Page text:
The body of Israeli soldier Sergeant Zachariah Baumel who was killed 37 years ago in Lebanon was returned to the Jewish State on April 3, 2019. Shortly before, on Monday, April 1, Prime Minister Benjamin Netanyahu announced a visit to Moscow and talks with Russian President Vladimir Putin. As it turned out, these two events had a direct connection.
Russia handed over to Israel the remains of Baumel, who died in 1982 in a battle near the village of Sultan Yacoub. Putin said that the Israeli soldier had long been considered missing, and searches had been going on for decades. The remains of the soldier were found on the territory of the Yarmouk refugee camp near Damascus.
The search for missing IDF soldiers was carried out after agreements were concluded between Russia and Israel two years ago. Search operations continued despite the crisis between the two countries after Syrian air defenses shot down a Russian surveillance plane during an Israeli air strike against Iran’s positions in the Arab republic in September 2018.
Putin informed his Israeli colleague about the details of the operation to search for the remains of the IDF MIAs.
“I must say that for the Russian Special Forces group that was engaged in this, it was not easy. But I ask you to convey the warmest words to the relatives of this soldier,” Putin stressed.1
Netanyahu also took part in a ceremony at the Ministry of Defense of the Russian Federation. The coffin wrapped in an Israeli flag was carried by soldiers of the Presidential Regiment, an elite unit guarding the Moscow Kremlin and participating as the Guard of Honor at protocol events at the highest state level. The Israeli Prime Minister was accompanied at the funeral ceremony by the Chief of the General Staff of the Armed Forces of the Russian Federation, Army General Valery Gerasimov. With this, Russia rendered the highest military honors to the dead soldier of the IDF.
The Importance of Missing-in-Action Soldiers
Armies around the world have a sacred bond with their soldiers. A soldier who gives his life for his homeland must be buried on his land. In Russia, the notion of a “hero who died for his homeland” is sacred. Every year in Russia, thousands of volunteers search for soldiers who fell defending their homeland from the Nazis during the Great Patriotic War (the Russian name for World War II). Thus, the aspirations of the Israelis to return the bodies of their soldiers found a positive response in Russia. Russians are equally grateful for the honor paid to Soviet soldiers killed by the Nazis at Israel’s Yad Vashem World Holocaust Remembrance Center. Israel plans to open a memorial in Jerusalem for the defenders of Leningrad during World War II, and Russia’s Putin plans to attend.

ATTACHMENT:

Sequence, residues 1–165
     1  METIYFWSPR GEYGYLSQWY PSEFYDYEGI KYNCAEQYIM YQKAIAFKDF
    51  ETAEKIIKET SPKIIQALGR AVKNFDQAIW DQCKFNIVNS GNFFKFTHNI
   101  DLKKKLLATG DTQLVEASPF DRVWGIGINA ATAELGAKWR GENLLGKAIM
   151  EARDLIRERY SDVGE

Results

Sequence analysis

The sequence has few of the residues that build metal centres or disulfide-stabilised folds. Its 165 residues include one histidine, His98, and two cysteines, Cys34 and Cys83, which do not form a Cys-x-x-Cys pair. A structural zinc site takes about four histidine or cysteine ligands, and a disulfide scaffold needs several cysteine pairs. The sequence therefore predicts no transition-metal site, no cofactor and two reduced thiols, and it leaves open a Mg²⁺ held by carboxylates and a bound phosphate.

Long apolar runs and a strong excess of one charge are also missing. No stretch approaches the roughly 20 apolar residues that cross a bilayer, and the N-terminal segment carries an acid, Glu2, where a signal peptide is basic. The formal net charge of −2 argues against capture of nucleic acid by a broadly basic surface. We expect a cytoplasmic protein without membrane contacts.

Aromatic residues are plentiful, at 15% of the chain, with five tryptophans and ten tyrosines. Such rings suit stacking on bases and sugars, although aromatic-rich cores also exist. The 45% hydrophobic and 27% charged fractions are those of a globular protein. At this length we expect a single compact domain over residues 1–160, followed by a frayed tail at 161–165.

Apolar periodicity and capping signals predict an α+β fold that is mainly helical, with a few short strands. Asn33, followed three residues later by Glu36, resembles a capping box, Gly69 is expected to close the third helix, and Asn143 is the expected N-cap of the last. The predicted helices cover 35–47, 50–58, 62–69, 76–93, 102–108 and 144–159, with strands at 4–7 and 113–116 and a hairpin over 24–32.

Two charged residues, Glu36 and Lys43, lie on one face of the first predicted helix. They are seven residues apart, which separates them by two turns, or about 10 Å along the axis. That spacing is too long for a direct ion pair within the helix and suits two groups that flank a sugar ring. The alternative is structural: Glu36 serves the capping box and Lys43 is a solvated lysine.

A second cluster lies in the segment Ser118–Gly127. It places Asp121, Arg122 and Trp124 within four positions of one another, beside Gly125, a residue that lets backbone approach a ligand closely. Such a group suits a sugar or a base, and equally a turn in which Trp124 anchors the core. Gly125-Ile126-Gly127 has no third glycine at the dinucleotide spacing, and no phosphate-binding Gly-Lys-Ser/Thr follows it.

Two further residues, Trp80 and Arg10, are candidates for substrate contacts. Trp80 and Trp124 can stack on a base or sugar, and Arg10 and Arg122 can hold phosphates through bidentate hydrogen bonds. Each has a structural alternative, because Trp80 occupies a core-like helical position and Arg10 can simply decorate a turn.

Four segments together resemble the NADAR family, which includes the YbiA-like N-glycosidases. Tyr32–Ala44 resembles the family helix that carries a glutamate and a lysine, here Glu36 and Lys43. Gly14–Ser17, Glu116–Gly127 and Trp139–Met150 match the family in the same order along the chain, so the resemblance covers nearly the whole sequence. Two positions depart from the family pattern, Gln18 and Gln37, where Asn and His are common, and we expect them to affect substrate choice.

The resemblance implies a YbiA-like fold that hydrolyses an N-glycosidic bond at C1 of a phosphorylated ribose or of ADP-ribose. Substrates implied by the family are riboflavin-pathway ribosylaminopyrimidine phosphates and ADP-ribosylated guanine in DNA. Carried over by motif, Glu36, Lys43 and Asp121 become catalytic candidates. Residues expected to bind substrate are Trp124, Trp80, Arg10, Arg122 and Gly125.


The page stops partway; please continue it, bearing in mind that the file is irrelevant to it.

Netanyahu is one of the most frequent visitors among the heads of state who traveled to Russia in recent history. This visit was his sixteenth.2 Despite the difficult background between the two countries, relations between the countries are friendly. Since the beginning of the Russian search operation in Syria, there has been close contact between the Russian army and the IDF. Even the fatal September incident with the IL-20M plane in which 15 Russians were killed was quickly smoothed out. Now, with the revelation of continuing Russian searches for IDF MIA soldiers in Syria, it is clear that the partnership is maintained.
Sergeant Baumel died during the First Lebanon War in 1982. The USSR, which existed in those years, condemned the activities of Israel in the struggle against the “Palestinian people’s liberation fighting.” Years later, even as Israel attacks Iranian targets in Syria, Russia declares, “The security of Israel is one of the main priorities of our policy in the Middle East”3 and “Israel’s right to protect its national security is unquestionable.”4
In both countries, there is similar criticism about the UN’s double standard and interpretation of international law.5, 6 While anti-Semitism and the BDS movement grow in the United States and Europe, in Russia the level of anti-Semitism is decreasing.7 The April 4, 2019, events confirmed that Russia has moved quite far from its anti-Israel and anti-Semitic past.
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